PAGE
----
So it’s day 51 of The 100 Day Project. I’ve been through the “I love this and never want to stop” phase, the “why on earth did I sign up for this, I hate it” phase, and am currently in “sometimes this is a pain but I am enjoying it”!
My project this year is #100daysofslowstitches. I’ve learned from past years that it is best to go for something that doesn’t take too long and has a broad definition. That way, I don’t get stressed or bored with the project. Actually, I still did, but I would have given up if I’d chosen something more time intensive or restrictive.
I had pictured myself relaxing in the garden/armchair adding a few stitches to a sampler every day, and learning new stitches along the way. I began a sampler with lines of different stitches, and I enjoyed the stitching but hated having to count threads and get the lines straight. This is as far as I got before giving up –
I really enjoyed stitching this Sashiko sampler – the lines are printed on the fabric.
Mr D gave me Aimee Ray’s Doodle Stitching Transfer book for my birthday and I’ve almost completed this one
I’ve also included English Paper Piecing, with the Ice Cream Soda quilt blossoms
and some Liberty and chambray hexagons (possibly for a quilt border)
And because I like to have lots of different projects on the go (!), I’ve just started to make some of The Splendid Sampler blocks.
You can follow my progress on Instagram at dottie_doodle. Hope to see you over there!
The 100 Day Project
Sashiko sampler available from Sew Hot
Doodle Stitching Transfer Book
Ice Cream Soda quilt
The Splendid Sampler
It took me a while to work out how to smock on to polka dot fabric. Here’s what I learned – mainly by making a complete hash of it!
Before you begin, mark the start point of each line of smocking with a removable pencil. Ignore the line of dots which would be in the centre of each square if the dots were joined into a grid. You’ll see in the following pictures that it would otherwise be difficult to find the right starting point when the fabric is gathered by the smocking.
My dots are 1cm apart.
Bring your needle up on the left edge of the first dot. Take a small stitch from right to left on the second dot.
Then take a small stitch from right to left on the first dot, coming out through/close to your starting point.
Pull tight. Admire the little triangle fold.
Insert the needle back down through/close to the right hand hole on your stitch, and bring up through the next dot (which will be the third one across). Repeat.
So that’s all there is to it. As a beginner, I found you get the best results by being as neat and precise as you can, and by taking your time. I had to completely redo my first couple of attempts!
Ahh, little girls’ summer dresses. I’m planning a few different styles for tiny niece this year.
This one is the Purl Bee Smocked Dress & Shirt pattern which I received for free when I signed up for their newsletter.
I think I did some smocking at school, and it was fun to try it again. I say fun – I decided to use polka dots rather than the gingham they recommend, and it took a few tries to get it right.
It’s a lovely pattern. The smocking produces beautiful pleats at the neckline and a gently gathered full skirt. The binding finishes the arm edge and extends to form straps.
The only thing I will change next time is the width of the binding. I found 1 5/8″ rather narrow and fiddly, and the inside isn’t as neat as I would like. I think making the binding a little wider would make the dress much faster to sew.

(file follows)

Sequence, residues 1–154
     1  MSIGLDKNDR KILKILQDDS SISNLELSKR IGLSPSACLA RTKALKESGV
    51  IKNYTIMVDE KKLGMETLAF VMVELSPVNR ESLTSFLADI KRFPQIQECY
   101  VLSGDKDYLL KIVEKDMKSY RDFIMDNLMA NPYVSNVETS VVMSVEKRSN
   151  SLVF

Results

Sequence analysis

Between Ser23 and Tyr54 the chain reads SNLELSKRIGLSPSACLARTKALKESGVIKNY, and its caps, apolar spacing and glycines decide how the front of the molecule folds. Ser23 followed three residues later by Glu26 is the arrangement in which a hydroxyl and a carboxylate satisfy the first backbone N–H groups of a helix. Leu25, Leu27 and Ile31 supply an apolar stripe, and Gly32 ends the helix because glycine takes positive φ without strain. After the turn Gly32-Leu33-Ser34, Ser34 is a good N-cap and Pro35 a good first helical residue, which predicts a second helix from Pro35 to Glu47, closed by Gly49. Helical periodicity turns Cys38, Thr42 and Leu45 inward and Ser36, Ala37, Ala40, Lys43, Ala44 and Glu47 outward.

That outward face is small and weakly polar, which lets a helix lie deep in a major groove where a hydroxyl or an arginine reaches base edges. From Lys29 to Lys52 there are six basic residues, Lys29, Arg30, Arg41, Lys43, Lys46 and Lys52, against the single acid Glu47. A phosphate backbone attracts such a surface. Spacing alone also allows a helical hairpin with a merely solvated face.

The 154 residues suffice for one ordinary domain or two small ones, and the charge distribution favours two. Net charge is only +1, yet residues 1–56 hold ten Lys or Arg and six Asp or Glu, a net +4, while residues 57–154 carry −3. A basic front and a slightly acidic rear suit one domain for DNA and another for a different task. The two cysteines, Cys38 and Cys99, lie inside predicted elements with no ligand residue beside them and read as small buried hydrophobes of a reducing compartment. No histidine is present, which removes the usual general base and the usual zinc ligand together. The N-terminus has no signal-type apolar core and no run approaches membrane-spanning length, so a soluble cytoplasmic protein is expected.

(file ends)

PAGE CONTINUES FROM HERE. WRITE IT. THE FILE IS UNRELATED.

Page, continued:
On Monday, I’ll show you how I did the smocking on polka dots. It’s very easy but might save you some time if you’d like to try it!
This is the second in my Make + Review series.
Stitch at Home by Mandy Shaw has such a pretty collection of designs, and a wide range of projects – a garden kneeler, dog bed, Christmas decorations, even a teepee for the garden.
There are masses of applique designs in the book and you could make them as they are, or use the ideas for other projects. The patchwork quilt has twelve applique picture blocks which could all be used individually on smaller items or cards.
I used part of Mandy’s sewing machine cover design to make a birthday card for Sue, my favourite fabric buying enabler.
The little scissor charm is from Etsy here.
Next, a bandanna for Hetty. A very simple pattern, but so nicely designed. It’s double sided, and slides onto her collar – which I much prefer to tying something round her neck.
I made this version larger than the pattern size as her Christmas bandanna got a little lost in all that fur. She doesn’t seem to notice it at all.
And this is my first entry in the Crazy Dog Lady Sewing challenge #crazydogladysewing.
The next project on my list to try (when I have time!) is this sampler. I love embroidery samplers, and this design is so pretty.
So, it’s a great book! Masses of ideas to try, and so it’s one to turn to again and again.
Finished! My Daisy Chain sampler from Alicia Paulson. My first time stitching embroidery since I was at school. I took Alicia’s advice to take it slowly, and practice unfamiliar stitches on a spare piece of fabric, and it went along pretty well. Her instructions are very clear and the design is lovely. Lots of different stitches to keep it interesting.
I haven’t embroidered with crewel wool before, and love the effect. And particularly like the noise the wool makes as it is pulled through the hooped fabric. Very soothing.
Sadly the Couture Dress course has not gone so well, as the Broadband we have here in the countryside is not up to the job. So frustrating, as I managed to watch the introduction and it looked great. Ah well, Gertie’s book is out soon – maybe I’ll try to work my way though that. The patterns look gorgeous.